At Cartier’s request, Domagaya had the medicine prepared by two Amerindian women. Annedda, a kind of tea, is made using the bark and twigs of a Canadian conifer believed to be the Eastern white cedar. These ingredients were crushed then boiled to make a brew that the sick were made to drink. The residues of this concoction were applied to parts of their body. During this particularly difficult winter, 25 sailors died from this horrible disease, and the others were saved in extremis thanks to the care provided by Domagaya.
Adding to the difficulties in connection with a harsh climate and rampant illness, relations with the Amerindians became acrimonious, which made wintering even more difficult. The palisades erected around the ships during Cartier’s journey to Hochelaga were not enough to calm the worries of the French. No sooner had fall ended than Domagaya and Taignoagny attempted to dissuade their fellow villagers from bartering with the sailors by declaiming against the worthless presents offered to the Amerindians. On November 5, however, a great celebration of reconciliation was held. The captain nevertheless remained distrustful.
In February, Chief Donnacona and men from the village set out on a hunting expedition. When they returned two months later, they came accompanied by several people whom Cartier was unable to recognize. Tensions mounted; the French now feared an attack. In early May, the captain took action, and had Donnacona, Domagaya, Taignoagny and several other inhabitants of Stadacona taken hostage. These Amerindians would guarantee safe passage for the French. In addition, they could describe the great marvels of Canada to François I. Cartier set sail for the home country on May 5, 1536.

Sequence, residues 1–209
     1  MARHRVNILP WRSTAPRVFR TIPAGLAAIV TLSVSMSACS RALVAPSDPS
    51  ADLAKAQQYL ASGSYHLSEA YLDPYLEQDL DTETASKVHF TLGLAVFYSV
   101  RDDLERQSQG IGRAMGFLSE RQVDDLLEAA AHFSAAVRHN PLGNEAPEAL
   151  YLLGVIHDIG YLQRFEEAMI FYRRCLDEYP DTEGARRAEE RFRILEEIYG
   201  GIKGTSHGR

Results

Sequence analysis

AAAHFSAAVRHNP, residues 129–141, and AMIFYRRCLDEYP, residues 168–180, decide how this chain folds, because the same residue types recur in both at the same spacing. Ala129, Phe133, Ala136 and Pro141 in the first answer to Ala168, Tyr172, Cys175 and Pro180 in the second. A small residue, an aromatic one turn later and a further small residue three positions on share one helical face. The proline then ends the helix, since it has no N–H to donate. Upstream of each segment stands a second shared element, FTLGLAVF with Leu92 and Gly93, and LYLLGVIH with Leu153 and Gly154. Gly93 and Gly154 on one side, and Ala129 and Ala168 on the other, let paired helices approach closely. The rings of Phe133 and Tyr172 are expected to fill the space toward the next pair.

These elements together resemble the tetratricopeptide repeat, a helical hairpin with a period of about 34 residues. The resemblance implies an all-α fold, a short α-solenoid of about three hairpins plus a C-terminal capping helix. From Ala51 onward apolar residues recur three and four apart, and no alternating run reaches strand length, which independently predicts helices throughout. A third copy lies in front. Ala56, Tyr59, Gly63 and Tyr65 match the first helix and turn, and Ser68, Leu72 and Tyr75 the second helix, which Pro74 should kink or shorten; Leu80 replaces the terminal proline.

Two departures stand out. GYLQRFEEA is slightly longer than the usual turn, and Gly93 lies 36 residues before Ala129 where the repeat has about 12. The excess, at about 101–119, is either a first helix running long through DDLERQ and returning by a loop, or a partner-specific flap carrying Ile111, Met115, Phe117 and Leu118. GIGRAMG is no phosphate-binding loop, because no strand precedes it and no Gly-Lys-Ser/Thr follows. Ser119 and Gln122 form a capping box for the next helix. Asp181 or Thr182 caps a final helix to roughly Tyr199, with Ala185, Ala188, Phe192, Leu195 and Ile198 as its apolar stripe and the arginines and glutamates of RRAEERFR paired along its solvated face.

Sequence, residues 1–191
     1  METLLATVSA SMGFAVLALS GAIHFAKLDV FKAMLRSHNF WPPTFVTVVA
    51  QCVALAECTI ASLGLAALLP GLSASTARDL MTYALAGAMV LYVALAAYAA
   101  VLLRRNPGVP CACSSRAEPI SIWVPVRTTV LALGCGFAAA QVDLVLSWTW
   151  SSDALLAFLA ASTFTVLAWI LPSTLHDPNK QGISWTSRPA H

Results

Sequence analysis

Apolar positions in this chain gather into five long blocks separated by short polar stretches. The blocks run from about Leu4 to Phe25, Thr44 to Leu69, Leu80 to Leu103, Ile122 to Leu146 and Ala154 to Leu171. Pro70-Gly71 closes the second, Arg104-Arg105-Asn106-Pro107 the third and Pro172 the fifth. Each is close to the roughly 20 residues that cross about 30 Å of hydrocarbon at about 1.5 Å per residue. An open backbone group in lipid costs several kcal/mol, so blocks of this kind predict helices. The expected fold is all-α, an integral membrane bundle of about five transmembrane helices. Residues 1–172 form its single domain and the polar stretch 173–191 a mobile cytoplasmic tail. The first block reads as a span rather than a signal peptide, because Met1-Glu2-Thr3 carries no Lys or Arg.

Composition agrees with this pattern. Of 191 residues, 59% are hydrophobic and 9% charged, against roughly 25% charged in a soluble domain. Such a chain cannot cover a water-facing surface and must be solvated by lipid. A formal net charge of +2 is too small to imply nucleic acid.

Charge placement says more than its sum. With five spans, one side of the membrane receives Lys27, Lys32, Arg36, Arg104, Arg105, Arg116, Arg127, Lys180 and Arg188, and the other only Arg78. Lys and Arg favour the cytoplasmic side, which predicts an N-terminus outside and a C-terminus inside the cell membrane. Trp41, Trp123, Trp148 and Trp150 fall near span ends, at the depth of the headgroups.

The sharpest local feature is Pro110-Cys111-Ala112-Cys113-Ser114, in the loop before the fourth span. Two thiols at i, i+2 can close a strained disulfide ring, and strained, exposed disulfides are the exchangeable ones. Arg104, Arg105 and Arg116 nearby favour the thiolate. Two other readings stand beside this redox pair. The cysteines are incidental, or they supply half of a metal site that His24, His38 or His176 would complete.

Third voyage (1541 – 42)
Upon arriving in France, the Amerindians whom Cartier had taken with him were so convincing that in 1541, François I sponsored a vast colonizing expedition, and named Jean-François de la Rocque, Sieur de Roberval, as commander. Cartier arrived at the appointed destination one year before Roberval, and established a settlement at the foot of the cliffs at Cap-Rouge, where he also erected fortifications.
After making a second journey to Hochelaga, Cartier learned that the route beyond the Lachine rapids was long and difficult. This bit of bad news, coupled with his discovery of what he believed to be gold and diamonds in the rocks of Cap-Rouge, explain his hurry to return to France. En route, he encountered Roberval in Newfoundland. The commander ordered him to turn back. Cartier, who was anxious to convert his cargo into cash as quickly as possible, nevertheless disobeyed. Roberval, who was now deprived of Cartier’s assistance, spent a horrendous winter at the site of this navigator’s settlement, and had to repatriate the tiny colony to France the following spring. Cartier’s third voyage, which had been intended for exploration and colonization, proved a failure, as did Sieur de Roberval’s attempt at establishing a settlement, moreover. The gold and diamonds that Cartier believed he had discovered were actually nothing more than iron pyrite and quartz!
It was only in the early 16th century, following the dispersion of the S. Lawrence Iroquoians. Quebec became the centre of the first French colony in America.